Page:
I’m really enjoying this series of posts. I think that it is a very good, simple model with a lot of explanatory value. I think that it might help the sort of feedback loops that keep some nations poor and make others prosperous. For example, I think that most of the difference between Italy and Sweden is rooted in vastly different emotional reactions to the world, which are probably justified that Sweden is a very safe place where one is treated fairly, and Italy isn’t. Anyway, a fun topic to think about.

24 01 2011
GTChristie

The type of analysis this is (or can become) has merit. Mapping psychological motivations to political persuasions is a fascinating idea several people have explored and it’s worth doing. It does invite quibbles (maybe even squabbles), though. To make it work in a scientific sense requires a huge reservoir of insight about motivations, one one hand, and (ideally, to be “scientific”) an equally huge empirical dataset to correlate the inner states (reported or tabulated needs/wants/perceptions) with the associated political persuasions. In principle, this should be possible in a lifetime or two of work (LOL). In the meantime, the categorizations of “mental types” or “motive profiles” can be quite problematic and now you’ve got me wondering how much data already exists in studies that would help in the correlation …. hmmm….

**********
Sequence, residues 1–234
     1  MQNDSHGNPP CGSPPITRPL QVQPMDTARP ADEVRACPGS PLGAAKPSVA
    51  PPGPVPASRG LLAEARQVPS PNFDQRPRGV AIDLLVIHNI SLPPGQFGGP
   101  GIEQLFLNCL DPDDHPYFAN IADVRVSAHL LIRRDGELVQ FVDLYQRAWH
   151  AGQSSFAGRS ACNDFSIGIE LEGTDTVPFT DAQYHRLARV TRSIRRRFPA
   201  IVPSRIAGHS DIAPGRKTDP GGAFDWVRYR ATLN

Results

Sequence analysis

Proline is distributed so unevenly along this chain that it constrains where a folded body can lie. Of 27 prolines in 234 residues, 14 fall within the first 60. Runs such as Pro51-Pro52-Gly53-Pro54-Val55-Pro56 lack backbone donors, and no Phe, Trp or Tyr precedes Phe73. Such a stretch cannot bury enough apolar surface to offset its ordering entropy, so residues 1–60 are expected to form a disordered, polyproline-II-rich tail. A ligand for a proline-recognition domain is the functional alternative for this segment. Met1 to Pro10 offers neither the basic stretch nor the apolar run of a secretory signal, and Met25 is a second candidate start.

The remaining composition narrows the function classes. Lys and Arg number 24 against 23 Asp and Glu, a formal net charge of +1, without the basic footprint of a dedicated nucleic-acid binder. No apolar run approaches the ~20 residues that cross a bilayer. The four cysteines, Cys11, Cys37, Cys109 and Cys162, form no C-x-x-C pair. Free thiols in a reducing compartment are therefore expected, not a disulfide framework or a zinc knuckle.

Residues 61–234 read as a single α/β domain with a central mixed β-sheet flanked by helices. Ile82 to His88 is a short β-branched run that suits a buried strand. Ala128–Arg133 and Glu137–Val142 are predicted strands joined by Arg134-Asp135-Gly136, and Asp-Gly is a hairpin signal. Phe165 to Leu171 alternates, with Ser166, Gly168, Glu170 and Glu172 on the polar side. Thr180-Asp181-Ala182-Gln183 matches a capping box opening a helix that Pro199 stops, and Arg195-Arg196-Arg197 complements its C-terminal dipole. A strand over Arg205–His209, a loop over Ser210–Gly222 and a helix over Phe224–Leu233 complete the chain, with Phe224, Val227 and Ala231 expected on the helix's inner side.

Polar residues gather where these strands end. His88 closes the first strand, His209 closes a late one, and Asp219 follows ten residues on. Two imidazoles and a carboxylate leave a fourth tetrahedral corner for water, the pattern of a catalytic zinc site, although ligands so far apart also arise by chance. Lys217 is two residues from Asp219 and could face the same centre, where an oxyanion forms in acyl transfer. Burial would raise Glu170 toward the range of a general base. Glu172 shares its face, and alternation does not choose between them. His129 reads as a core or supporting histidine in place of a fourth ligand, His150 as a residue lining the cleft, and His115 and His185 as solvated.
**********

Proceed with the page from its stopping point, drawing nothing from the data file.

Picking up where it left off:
I’ve linked my blogroll to this site after exploring it for awhile. I always appreciate competent philosophy, regardless of how much I agree with it. And I’ve found a lot here I agree with, so … thumbs up.

12 02 2011
Tom Rees